Inborn error of metabolism resulting from a defect in
renal tubular amino acid transport leading to abnormal urinary excretion of
glycine, proline, and hydroxyproline.
Type I: Proline oxidase deficiency
Type II: Pyrroline carboxylate dehydrogenase deficiency
Autosomal recessive; gene mapped on 22q11.2
for type I and 1p36 for type II.
Type I is a benign disorder resulting from
deficiency of proline oxidase. Type II results from a deficiency of d-pyrroline-5-carboxylate (P-5-C) dehydrogenase and may be associated with
neurologic manifestations. In both conditions, plasma proline levels are
increased, and three amino acids (proline, hydroxyproline, glycine) are
excreted in excess in urine.
Excess urinary proline, hydroxyproline, and glycine
levels are a normal finding in the first 6 months of life. Type I is a
diagnosis of exclusion: it includes all cases of hyperprolinemia not
resulting from a P-5-C dehydrogenase deficiency (type II). Plasma proline
level elevated but usually less than 2000 mM (normal: 100-450 mM). Urine
proline also elevated. In type II, plasma proline exceeds 2000 mM. The
metabolic intermediate P-5-C is 10 to 40 times above normal in the plasma
Individuals with type I are asymptomatic.
Seizures (grand mal, petit mal) and mental retardation have been associated
with type II. Elevated cerebrospinal fluid (CSF) concentrations for
gamma-aminobutyric acid (GABA), glutamate, and proline
have been described in some patients, but their association with neurologic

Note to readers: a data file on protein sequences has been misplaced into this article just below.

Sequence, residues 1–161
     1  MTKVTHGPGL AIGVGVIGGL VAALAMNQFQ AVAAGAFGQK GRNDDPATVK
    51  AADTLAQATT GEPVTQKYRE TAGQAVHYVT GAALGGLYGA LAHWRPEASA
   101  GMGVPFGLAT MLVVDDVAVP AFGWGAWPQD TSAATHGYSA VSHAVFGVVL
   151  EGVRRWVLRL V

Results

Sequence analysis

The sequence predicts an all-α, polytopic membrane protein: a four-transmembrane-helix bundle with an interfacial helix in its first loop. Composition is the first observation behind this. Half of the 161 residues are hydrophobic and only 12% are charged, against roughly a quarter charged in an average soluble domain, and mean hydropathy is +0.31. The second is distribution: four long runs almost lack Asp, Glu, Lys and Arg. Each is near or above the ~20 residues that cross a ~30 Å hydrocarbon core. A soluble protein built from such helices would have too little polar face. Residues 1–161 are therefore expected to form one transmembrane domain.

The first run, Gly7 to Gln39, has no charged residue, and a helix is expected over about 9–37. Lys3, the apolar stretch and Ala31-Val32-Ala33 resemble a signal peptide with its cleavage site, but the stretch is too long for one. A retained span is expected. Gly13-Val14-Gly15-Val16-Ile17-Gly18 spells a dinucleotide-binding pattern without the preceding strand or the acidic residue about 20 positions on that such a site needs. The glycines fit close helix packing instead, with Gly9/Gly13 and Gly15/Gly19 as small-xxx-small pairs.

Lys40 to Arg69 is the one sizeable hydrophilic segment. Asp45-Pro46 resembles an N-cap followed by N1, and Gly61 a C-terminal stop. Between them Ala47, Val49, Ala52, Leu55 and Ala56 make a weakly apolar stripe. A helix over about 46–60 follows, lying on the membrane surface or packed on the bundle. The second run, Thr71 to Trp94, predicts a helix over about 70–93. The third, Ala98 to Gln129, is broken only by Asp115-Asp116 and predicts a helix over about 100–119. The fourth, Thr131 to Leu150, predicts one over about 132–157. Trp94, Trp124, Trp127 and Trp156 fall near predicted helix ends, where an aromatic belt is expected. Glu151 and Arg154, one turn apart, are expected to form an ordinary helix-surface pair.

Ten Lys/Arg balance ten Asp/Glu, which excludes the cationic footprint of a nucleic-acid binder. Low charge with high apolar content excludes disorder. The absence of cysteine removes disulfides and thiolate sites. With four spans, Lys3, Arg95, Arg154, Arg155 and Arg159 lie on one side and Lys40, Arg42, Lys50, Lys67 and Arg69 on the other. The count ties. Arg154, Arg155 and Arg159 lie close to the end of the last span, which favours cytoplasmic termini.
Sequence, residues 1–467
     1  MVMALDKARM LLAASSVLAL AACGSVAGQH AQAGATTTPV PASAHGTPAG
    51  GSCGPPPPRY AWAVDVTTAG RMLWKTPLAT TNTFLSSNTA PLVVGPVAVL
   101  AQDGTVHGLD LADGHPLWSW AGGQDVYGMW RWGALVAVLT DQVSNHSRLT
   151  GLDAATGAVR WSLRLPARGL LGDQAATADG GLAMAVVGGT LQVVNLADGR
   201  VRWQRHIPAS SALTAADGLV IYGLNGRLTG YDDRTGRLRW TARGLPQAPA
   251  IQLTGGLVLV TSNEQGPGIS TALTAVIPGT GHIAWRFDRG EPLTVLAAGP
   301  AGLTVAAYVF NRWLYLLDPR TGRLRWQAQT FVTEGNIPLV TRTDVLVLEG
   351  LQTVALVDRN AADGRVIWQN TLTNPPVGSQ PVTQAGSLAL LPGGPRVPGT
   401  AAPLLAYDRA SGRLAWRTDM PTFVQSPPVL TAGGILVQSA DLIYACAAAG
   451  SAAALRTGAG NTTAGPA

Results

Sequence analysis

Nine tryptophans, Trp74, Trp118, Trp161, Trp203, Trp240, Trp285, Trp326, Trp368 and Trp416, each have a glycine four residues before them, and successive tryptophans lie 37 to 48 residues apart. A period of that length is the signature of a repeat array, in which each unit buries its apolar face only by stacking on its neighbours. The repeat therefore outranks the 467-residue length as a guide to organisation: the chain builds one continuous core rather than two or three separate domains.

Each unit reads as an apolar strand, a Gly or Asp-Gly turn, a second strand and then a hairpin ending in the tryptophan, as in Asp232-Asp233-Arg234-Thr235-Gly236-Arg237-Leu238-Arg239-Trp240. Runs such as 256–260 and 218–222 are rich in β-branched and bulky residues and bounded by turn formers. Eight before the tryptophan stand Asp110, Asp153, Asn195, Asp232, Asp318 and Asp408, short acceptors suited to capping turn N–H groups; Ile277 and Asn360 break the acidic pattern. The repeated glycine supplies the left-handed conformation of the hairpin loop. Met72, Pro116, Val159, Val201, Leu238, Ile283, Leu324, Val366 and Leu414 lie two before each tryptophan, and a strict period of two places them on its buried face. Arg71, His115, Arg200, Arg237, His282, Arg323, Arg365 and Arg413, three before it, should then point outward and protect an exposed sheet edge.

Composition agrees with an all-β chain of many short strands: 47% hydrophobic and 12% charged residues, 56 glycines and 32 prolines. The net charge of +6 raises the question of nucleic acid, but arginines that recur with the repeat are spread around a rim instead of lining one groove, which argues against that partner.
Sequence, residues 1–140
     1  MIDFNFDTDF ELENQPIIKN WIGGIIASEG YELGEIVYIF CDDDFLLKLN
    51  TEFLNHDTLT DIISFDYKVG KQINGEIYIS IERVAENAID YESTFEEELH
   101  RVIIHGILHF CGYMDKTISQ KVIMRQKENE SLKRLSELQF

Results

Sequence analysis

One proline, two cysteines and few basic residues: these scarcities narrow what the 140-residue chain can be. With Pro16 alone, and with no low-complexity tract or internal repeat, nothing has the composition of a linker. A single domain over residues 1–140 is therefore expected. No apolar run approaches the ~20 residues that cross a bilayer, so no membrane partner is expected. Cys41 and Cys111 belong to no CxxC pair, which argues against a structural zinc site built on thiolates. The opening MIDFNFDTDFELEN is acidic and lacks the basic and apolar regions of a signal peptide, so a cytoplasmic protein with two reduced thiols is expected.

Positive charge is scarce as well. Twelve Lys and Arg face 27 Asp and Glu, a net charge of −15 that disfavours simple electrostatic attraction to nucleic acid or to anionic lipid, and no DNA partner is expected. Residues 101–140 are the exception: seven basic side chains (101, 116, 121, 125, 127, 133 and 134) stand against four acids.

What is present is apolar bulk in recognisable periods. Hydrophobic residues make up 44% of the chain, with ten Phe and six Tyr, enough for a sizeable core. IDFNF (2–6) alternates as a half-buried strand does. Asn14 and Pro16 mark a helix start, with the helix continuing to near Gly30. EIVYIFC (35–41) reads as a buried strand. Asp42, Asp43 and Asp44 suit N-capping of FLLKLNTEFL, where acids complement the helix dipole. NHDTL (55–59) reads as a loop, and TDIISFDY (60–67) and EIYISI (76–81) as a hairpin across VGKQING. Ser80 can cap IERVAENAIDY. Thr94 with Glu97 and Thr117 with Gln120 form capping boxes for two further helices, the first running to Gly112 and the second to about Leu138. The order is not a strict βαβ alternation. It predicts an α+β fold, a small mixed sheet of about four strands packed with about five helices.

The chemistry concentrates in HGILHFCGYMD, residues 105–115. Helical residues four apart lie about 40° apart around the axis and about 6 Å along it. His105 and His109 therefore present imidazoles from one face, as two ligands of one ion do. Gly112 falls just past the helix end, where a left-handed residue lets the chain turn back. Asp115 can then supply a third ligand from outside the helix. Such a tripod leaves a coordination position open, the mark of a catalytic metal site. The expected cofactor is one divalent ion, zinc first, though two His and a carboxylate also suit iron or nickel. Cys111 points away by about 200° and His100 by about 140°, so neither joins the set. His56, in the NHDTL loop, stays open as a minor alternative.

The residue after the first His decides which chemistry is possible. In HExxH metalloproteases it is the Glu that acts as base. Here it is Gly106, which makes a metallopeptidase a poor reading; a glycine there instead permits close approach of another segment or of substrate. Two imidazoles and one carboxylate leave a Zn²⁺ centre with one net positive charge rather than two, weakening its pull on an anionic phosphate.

manifestations remains undetermined. Intestinal absorption of proline may be
impaired. Heterozygotes have glycinuria only (plasma levels of amino acids
are normal). Other features include dry skin, chronic inflammatory lung
disease, sensorineural deafness, and ichthyosis.
No specific precautions are required
for type I. For type II, inquire about history of seizures, anticonvulsant
therapy (efficacy, toxicity), and degree of mental retardation (possible
need for sedative premedication).
If a seizure disorder is associated with
type II, patients receiving anticonvulsants should be maintained on their
medication regimen until the time of surgery, and medications should be
given parenterally postoperatively until oral intake is resumed.
Avoid potentially epileptogenic
drugs: methohexital, ketamine, enflurane, atracurium, and meperidine
(Demerol) (these last two, if given in large quantity, because of their
respective metabolites laudanosine and normeperidine). Consider the sedation
and increased drug metabolism caused by enzymatic induction effect of
phenobarbital and phenytoin; the resistance to nondepolarizing muscle
relaxants with phenytoin and carbamazepine; and the potential hepatic
dysfunction, thrombocytopenia, and pancreatitis with valproic acid.
Diaminopentanuria: Inherited metabolic disorder of amino acids
(defective transport system of cystine, lysine, arginine, and ornithine)
resulting in precipitation of undissolved cystine in the urine (cystinuria)
and causing the formation of calculi in the urinary ducts.
Hartnup Disease: Inherited disorder of basic amino acid transport
resulting in urinary loss of neutral amino acids (tryptophan, alanine,
asparagine, glutamine, histidine, isoleucine, leucine, phenylalanine,
serine, threonine, tyrosine, valine); affected patients present with a ...